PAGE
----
We bathed in the cool waters of Crawford Creek, changed from our travel-stained and somewhat ragged garments into full dress, and felt like giants refreshed.  

Travelling by easy stages, having to take care of Mr. Miller’s pack as well as our own, it was not very long before we met our advance guard returning with Mr. Westbury of Crawford Bay, in the latter’s car. They had to go up the road we had just come down in order to get a place to turn around, but we gladly parked our packs by the wayside for them to pick up. Mr. Westbury had been up there before, looking for us, as we surmised from the new auto tracks on the road after we got past the washouts, and Mr. Miller had just missed him by thirty-five minutes. At the end of the good part of the road, where he had found it necessary to turn around, in the old camp located at that point, he met two old-timers, who had been over into East Kootenay and had just recrossed a day or two before, using Sawyer’s Pass. They told him it was no use looking for us that day, nor the next, but that in about three week’s time we would be beginning to show up. Consequently, he was really not expecting us after that, and did not wait long before he went home. He was more than a little surprised when Mr. Miller got on his track, and to hear that we were there, and practically on time. Coming up in the car to meet us, they had passed a little grizzlie bear on the trail, but we did not see anything of it. From time to time, we had passed many patches of huckleberries, but all in the early stages of maturity even lots of them in bloom in the upper reaches. Now we came to a nice lot of ripe ones alongside of the road. A few miles further down, the car passed us, fully laden with our baggage, and soon we came up with our friends again at Hout’s Ranch, and Mr. Fraser of Kootenay Bay was also there waiting for us with his truck. From here a few miles drive through pleasant paths brought us to Mr. Fraser’s home, midway between Crawford and Kootenay Bays.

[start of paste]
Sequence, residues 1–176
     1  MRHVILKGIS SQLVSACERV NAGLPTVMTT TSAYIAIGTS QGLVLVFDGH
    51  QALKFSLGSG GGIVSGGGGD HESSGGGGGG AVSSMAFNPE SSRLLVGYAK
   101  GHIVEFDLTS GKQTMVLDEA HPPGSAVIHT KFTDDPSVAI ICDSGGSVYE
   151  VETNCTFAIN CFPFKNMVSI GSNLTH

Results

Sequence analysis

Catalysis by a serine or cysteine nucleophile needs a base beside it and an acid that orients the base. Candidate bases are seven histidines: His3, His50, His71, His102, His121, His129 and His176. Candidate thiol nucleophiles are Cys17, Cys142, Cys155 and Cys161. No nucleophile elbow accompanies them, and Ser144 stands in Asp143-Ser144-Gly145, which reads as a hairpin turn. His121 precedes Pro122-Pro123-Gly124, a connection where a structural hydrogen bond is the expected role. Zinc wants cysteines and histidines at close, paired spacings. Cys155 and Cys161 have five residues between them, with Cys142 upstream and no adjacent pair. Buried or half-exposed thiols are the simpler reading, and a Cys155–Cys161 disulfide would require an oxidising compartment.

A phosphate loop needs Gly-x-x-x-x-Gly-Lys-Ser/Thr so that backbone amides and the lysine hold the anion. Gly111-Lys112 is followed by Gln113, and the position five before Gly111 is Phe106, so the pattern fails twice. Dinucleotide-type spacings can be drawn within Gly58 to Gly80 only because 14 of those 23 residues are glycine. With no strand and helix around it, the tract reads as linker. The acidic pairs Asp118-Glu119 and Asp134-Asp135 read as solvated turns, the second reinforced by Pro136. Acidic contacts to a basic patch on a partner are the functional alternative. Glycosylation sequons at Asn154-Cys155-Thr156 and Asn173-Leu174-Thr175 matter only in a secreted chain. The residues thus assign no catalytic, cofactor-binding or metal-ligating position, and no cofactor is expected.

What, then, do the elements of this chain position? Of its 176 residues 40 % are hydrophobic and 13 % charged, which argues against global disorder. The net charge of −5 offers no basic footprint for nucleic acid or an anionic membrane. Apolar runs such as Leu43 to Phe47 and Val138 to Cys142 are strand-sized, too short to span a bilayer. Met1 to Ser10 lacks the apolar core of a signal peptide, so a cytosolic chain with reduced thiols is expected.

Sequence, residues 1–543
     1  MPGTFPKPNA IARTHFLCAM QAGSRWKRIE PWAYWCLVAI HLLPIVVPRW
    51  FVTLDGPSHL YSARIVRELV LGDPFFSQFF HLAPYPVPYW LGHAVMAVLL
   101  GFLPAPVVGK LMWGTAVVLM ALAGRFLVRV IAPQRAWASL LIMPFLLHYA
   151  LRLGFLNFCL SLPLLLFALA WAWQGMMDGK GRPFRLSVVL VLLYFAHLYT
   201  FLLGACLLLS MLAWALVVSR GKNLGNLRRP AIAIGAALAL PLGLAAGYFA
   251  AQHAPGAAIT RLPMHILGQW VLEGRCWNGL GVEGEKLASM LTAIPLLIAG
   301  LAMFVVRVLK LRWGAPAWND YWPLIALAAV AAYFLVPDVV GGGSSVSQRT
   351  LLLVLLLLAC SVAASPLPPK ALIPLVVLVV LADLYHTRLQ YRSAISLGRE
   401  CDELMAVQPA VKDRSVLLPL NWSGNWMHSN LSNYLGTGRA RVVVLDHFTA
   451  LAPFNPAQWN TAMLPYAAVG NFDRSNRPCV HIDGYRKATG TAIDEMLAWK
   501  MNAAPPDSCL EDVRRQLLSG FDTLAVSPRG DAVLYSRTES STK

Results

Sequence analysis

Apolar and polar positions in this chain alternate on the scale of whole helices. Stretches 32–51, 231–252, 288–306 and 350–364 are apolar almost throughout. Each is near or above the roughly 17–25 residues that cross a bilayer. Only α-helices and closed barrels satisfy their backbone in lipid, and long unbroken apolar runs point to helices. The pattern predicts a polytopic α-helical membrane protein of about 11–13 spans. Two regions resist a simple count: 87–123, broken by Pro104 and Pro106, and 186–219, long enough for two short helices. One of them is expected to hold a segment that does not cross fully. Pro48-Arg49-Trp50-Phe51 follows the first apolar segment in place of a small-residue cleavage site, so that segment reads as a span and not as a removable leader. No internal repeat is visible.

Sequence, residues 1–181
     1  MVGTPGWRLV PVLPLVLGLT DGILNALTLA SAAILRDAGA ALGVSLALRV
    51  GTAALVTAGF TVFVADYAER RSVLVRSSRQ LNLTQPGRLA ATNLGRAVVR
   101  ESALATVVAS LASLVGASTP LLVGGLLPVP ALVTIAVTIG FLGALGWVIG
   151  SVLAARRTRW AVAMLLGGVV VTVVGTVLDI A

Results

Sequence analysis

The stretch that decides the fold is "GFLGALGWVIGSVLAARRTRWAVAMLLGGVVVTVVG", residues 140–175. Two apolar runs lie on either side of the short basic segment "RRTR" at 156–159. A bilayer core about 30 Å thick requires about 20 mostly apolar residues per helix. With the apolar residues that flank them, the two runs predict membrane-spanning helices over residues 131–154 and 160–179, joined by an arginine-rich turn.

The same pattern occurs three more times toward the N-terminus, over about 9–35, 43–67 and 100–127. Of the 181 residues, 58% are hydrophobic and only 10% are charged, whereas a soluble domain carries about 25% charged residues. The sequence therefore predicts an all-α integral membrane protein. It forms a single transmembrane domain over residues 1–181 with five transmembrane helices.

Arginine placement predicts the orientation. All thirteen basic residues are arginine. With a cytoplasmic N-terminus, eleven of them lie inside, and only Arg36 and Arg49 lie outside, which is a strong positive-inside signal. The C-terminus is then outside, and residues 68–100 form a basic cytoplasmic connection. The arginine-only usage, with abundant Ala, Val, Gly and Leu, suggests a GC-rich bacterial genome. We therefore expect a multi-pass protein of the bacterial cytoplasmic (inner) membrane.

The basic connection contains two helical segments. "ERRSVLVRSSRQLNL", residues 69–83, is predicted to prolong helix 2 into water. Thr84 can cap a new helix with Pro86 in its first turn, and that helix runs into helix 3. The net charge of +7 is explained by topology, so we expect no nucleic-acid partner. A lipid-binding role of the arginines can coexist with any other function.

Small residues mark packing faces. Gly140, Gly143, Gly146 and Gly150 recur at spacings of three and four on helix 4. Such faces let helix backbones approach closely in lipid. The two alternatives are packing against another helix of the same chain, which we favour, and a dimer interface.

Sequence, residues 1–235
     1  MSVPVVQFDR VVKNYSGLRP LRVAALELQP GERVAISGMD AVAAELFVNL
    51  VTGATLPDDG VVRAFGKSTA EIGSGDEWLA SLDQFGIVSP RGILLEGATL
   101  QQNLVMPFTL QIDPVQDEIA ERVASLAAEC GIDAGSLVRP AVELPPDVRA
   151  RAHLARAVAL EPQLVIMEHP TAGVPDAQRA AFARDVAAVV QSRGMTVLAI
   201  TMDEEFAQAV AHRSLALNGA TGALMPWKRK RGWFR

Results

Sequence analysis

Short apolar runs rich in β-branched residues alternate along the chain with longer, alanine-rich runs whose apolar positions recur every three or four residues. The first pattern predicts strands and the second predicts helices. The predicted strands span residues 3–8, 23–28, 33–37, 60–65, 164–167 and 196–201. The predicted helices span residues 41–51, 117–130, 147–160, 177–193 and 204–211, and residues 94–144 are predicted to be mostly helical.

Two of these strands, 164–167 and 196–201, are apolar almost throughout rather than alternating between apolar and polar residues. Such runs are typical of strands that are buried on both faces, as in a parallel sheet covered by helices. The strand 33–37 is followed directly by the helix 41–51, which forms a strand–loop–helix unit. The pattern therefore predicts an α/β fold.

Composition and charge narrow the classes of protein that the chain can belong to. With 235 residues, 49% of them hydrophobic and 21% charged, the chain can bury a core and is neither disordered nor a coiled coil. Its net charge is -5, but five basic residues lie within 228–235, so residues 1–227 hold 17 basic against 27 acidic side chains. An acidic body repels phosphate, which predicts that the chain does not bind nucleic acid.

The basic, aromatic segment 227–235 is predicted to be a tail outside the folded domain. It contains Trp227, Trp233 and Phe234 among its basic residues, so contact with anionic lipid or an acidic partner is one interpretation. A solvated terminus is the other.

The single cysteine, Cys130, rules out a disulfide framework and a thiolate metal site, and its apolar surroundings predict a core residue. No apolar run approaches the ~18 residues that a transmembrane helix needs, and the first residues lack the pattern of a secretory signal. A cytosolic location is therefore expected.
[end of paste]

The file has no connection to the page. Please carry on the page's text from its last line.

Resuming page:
Two or three cherry trees were generously put at our disposal, and soon Mrs. Fraser called the Troop to a dainty and plentiful repast on the lawn. We roamed around admiring the pretty setting, and well kept appearance of the place, visited the lake on the grounds, and watched the shoals of bass in the waters. Mr. Fraser keeps some very fine pure bred Ayrshire cows, with high standing records for milk and butterfat.  

As boat time approached, we said goodbye to the farm, piled into the truck once more, and were safely landed at Kootenay Bay as the S.S. Kuskanook hove in sight away down the lake.  

Here we found our trek cart awaiting us. This we piled high with our baggage, and some newly acquired provisions, bade our hospitable friends farewell, and boarded the steamer. The Captain very kindly allowed the boys up in the Pilot House, where they were much interested in the ways and means of handling the ship.